Habakkuk / Ishion Hutchinson

Ishion Hutchinson was born in Port Antonio, Jamaica. He is the author of Far District and House of Lords and Commons. Hutchinson directs the graduate writing program at Cornell University.


Your mind’s seasonal Florentine – darkness
and dereliction. Rugged Amore
on ponte vecchio in stone-washed jeans,
vexed-face after seeing Habakkuk’s face
rimmed with sweat, glaring into the crowd
and the sun. His unchanging solace
makes you turn towards the love god, who sighs,
“Quando fia ch’io ti riveggia?”
Who can say when when extinction is near?
Then your petrose flickers across the bridge.
Fatal and fated, her broken stares burn
the river’s mirrored silence, TE DEUM.
You baulk praises. Noon tilts its damp ashes
on the Duomo, not her dress of poppies.
Bridal wisps of smoke forge the hills in place;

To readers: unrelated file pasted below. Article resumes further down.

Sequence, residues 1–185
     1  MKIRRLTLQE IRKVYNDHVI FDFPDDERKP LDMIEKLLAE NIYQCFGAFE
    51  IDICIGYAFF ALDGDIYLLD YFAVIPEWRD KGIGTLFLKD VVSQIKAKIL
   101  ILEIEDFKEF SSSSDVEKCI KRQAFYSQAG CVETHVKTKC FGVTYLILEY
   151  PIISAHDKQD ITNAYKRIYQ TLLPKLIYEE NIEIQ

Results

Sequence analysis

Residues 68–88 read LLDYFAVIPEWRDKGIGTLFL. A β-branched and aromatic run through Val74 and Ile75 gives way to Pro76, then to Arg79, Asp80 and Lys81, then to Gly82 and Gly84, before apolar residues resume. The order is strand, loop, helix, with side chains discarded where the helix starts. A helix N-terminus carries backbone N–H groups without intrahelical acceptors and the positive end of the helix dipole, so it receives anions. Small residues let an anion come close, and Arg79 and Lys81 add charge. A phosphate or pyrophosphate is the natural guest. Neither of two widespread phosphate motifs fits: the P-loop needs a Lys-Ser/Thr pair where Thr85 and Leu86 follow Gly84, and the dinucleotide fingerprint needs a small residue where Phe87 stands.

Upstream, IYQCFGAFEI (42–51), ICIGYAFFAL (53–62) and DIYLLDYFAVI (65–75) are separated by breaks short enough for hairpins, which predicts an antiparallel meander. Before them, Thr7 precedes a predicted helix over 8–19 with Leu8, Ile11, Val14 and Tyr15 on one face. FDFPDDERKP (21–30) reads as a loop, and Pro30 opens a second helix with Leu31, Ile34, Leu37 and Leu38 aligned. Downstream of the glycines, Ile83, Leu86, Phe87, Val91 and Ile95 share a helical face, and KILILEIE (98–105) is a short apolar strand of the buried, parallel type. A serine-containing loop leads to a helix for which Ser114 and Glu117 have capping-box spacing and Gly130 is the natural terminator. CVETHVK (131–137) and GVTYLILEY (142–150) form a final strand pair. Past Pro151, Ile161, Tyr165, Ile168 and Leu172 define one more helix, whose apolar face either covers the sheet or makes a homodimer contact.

perpetual hills, earlier, she scorned
like washed-out curial robes or family
banners at standoff. Belfries mime lament.
Amore defects, to Akeldama;
horseflies push you and her back to the square.
“Damn you,” she says. “Speak, damn you.” The prophet
refuses, picks up his string instrument,
leaves. She goes off. Nostalgia is exile’s
slippery sequence, which, this time, amid
dispersals, you grasp and knot tight her voice
crossing, self-effaced, unbearably bright.

/ Photo: Ladan Osman

This poem has also been published in TLS.

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